Originally Posted by TheBlademaster01
This is true. Cinebench is probably the best benchmark out there for gauging parallel floating point performance. Unless you test single core performance it won't say much about gaming performance, but it is a very accurate representation for what you can expect in multithreaded workloads.
That's why personally I would like to see this benchmark ran on this chip. Should give us a great idea of its actual performance.
Originally Posted by Blameless
Design/architecture has a huge impact on clock potential, making it nearly impossible to draw conclusions from process alone.
Cinebench is based on a real-world app, so it's not a synthetic benchmark, just a canned one.
I understand that there are other variables to consider in regards to clockspeed however I feel like saying around 4.2GHz for a true 8 core CPU (about 200MHz less than a 5960X average) is better than people expecting Zen to do "5GHz OC on Air!" We know in November we are going to start seeing leaked overclocking results for Zen and I can basically picture the headlines now.
It does appear to be a real world test, but that doesn't change how I feel about being able to easily compare different products and being able to do the same with other benchmarks like 3DMark that a lot of people tend to have issues with regarding legitimacy of results.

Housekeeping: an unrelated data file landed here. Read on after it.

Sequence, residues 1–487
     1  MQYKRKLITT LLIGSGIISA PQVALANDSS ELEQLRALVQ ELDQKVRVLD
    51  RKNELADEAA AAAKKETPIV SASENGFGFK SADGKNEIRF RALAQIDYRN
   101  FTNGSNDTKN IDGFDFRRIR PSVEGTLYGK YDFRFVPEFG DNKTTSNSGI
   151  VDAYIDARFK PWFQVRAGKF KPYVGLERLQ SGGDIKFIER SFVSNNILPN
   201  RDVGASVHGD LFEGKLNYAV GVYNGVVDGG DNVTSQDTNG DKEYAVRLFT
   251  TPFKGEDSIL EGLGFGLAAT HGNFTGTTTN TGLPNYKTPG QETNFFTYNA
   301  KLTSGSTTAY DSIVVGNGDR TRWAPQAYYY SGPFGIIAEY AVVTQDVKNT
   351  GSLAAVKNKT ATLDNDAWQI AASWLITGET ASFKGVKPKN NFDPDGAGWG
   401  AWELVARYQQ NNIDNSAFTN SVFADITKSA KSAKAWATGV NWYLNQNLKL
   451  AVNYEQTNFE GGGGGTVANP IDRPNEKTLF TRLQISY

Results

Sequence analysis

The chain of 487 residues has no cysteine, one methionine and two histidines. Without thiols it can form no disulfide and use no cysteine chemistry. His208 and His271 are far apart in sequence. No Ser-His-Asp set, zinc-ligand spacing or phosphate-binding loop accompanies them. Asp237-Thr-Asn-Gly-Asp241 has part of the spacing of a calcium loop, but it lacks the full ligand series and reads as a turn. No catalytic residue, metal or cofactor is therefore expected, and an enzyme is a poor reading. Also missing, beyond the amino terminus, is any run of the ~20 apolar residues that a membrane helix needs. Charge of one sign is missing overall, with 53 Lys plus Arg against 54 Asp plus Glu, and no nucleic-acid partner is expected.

It could very well be that it clocks great for all we know, maybe 4.5GHz under water, except it just doesn't have a lot in its favor. It's not like I don't want it to clock well, I just don't want people to go into it thinking its going to clock amazingly and then get let down later.
Originally Posted by Particle
Given that we already have 8C chips from AMD that have a stock frequency of 4.7 GHz while being fabricated on a now-ancient process, your assertion would appear to be in conflict with itself. That isn't to say Zen will clock highly or not, just that there is no evidence with which to assume one way or the other. We don't know what attention was given to its design with regards to pipelining, clock distribution, and everything else important for frequency scaling. We do know that GF's 14 nm process is probably not exceedingly impressive given the clock speeds of Polaris products. I assume they're both on GF's 14 nm LPP. All we have is speculation though.
It would appear to be a conflict if the 8350 was actually a true 8 Core CPU. There is some evidence, the ES sample is starting off really low to begin with. It is a true 8 core 16 thread CPU unlike the 8350. So again, will have some difficulty with amazing clockspeeds. And of course GF's 14nm LPP that they are using. But surely it's all speculation, but it's not speculation based off of nothing.Edited by BiG StroOnZ - 8/12/16 at 11:22am